The BBC is about to dispense with the services of the Met Office for its weather forecasting. This high profile divorce has money, maths and technology at its heart. The BBC says that the Met couldn't come up with a decent App for smart phones (and anyway was too expensive); the Met says that the BBC is reluctant to allow it to express weather forecasts in terms of event probabilities on the grounds that no one outside W1A 1AA understands them. So, rather than good old British weather forecasts, we're likely to get Dutch or New Zealand ones. Umm.
It is certainly worth looking at different sources of forecast to see how this probability business pays out. Here's the Met office forecast for Bath, where temperature is presented as an integer, and rain (precipitation) as a probability in percentage terms. Whatever its accuracy, there is rich detail here.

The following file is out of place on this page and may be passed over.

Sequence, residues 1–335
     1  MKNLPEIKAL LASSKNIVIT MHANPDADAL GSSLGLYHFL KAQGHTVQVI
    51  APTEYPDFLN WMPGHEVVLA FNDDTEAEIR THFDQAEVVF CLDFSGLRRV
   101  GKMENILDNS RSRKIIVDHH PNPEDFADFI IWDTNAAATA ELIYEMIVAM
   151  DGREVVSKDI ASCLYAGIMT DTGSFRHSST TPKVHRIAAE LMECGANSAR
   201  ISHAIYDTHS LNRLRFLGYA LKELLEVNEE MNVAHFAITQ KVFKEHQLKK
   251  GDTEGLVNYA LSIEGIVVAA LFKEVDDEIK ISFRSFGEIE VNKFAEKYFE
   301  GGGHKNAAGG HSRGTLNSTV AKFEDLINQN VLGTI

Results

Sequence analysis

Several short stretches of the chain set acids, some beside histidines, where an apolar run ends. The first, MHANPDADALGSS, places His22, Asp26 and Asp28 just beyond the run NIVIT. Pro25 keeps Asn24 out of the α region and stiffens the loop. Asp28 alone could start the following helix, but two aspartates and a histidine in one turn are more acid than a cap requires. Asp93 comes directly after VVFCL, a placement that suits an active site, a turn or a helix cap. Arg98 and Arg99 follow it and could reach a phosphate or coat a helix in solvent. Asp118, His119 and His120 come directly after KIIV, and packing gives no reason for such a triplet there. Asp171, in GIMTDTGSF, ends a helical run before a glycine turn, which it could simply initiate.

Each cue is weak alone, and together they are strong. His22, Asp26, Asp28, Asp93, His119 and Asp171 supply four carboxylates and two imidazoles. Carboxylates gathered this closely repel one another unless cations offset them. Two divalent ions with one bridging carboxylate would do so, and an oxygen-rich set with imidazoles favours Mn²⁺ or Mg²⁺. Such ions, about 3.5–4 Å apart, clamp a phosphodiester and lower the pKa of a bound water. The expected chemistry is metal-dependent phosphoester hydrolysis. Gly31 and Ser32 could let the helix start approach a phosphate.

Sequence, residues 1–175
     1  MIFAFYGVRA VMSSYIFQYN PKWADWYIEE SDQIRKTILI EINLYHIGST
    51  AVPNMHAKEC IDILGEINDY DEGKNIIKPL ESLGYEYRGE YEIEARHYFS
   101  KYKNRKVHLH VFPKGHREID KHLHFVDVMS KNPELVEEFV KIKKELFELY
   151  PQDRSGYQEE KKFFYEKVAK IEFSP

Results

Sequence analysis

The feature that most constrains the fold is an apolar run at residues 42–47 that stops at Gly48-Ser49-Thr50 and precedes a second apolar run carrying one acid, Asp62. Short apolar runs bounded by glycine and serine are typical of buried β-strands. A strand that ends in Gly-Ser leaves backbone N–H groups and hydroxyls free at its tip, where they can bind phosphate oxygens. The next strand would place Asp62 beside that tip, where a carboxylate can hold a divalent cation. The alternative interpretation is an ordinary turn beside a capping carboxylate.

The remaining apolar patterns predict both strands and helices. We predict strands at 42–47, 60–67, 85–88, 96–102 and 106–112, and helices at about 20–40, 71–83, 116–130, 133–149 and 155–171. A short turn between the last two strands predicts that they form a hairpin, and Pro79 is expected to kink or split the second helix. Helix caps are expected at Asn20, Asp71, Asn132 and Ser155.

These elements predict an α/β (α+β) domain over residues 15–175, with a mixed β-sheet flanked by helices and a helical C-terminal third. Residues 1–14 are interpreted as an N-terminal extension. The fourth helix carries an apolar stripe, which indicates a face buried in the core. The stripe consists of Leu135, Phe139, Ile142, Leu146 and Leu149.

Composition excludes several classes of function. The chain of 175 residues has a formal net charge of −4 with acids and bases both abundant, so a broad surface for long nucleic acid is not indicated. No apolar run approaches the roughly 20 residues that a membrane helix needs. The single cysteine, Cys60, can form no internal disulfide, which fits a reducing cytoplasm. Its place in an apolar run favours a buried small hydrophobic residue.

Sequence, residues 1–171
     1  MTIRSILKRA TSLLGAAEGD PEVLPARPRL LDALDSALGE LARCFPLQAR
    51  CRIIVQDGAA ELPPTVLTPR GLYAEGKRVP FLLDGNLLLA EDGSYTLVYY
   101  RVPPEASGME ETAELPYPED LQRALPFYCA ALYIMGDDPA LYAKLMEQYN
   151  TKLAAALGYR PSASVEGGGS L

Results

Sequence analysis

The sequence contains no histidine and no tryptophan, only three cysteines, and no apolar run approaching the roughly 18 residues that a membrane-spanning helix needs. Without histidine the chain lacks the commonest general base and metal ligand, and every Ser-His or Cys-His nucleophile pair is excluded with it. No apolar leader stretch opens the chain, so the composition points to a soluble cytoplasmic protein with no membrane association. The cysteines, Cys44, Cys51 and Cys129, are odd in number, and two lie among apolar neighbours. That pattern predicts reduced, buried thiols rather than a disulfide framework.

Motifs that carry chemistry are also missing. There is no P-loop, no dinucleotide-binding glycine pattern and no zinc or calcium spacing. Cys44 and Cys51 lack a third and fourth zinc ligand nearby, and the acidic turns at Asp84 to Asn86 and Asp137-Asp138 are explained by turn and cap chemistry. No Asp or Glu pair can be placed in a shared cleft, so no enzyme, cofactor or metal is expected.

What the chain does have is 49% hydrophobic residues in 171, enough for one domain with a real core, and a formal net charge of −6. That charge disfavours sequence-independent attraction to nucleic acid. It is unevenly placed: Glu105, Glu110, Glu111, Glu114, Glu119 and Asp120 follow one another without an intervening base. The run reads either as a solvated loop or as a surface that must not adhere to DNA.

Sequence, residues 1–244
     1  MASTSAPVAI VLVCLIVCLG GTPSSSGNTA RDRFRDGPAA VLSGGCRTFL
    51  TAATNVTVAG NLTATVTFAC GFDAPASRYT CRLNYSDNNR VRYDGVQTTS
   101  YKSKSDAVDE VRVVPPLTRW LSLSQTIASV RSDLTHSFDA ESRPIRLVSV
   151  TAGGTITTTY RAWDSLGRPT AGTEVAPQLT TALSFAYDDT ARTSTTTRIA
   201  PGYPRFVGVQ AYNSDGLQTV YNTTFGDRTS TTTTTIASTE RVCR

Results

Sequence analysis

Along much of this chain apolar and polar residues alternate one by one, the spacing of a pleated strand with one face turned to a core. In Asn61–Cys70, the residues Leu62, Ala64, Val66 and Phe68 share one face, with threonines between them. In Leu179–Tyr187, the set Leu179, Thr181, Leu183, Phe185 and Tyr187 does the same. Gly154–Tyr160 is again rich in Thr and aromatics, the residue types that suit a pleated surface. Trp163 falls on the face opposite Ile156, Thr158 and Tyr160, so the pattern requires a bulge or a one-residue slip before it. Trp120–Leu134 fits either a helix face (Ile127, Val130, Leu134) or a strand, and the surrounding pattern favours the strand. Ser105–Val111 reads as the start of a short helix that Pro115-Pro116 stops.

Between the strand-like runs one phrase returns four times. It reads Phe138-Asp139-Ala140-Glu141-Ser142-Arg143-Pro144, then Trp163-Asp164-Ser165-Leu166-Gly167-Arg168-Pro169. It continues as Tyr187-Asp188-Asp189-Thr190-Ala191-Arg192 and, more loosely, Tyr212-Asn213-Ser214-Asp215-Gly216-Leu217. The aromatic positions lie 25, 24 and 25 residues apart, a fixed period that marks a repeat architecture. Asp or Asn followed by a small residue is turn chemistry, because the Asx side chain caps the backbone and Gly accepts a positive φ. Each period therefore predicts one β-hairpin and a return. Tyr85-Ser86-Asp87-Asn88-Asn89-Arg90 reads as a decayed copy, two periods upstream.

Here's the BBC's forecast for Bath where the rain forecast is in terms of little pictures. There is little detail, although you have to admire the way the temperature data bobs up and down.
And here is Google's where there is more detail than the BBC (and the same waviness), but less than the Met office. The likelihood of rain is just presented as a % (of what they do not say). I don't like the way you have to click between temperature, rain and wind.
My own preference is for the Met Office because of the detail. As most of my weather forecasts come online, I'll not be troubled by the BBC's decision – though I am concerned by it. The BBC knows that lots of people don't understand probabilities (actually, they don't really understand percentages), and seems to be determined to keep it that way. A shame.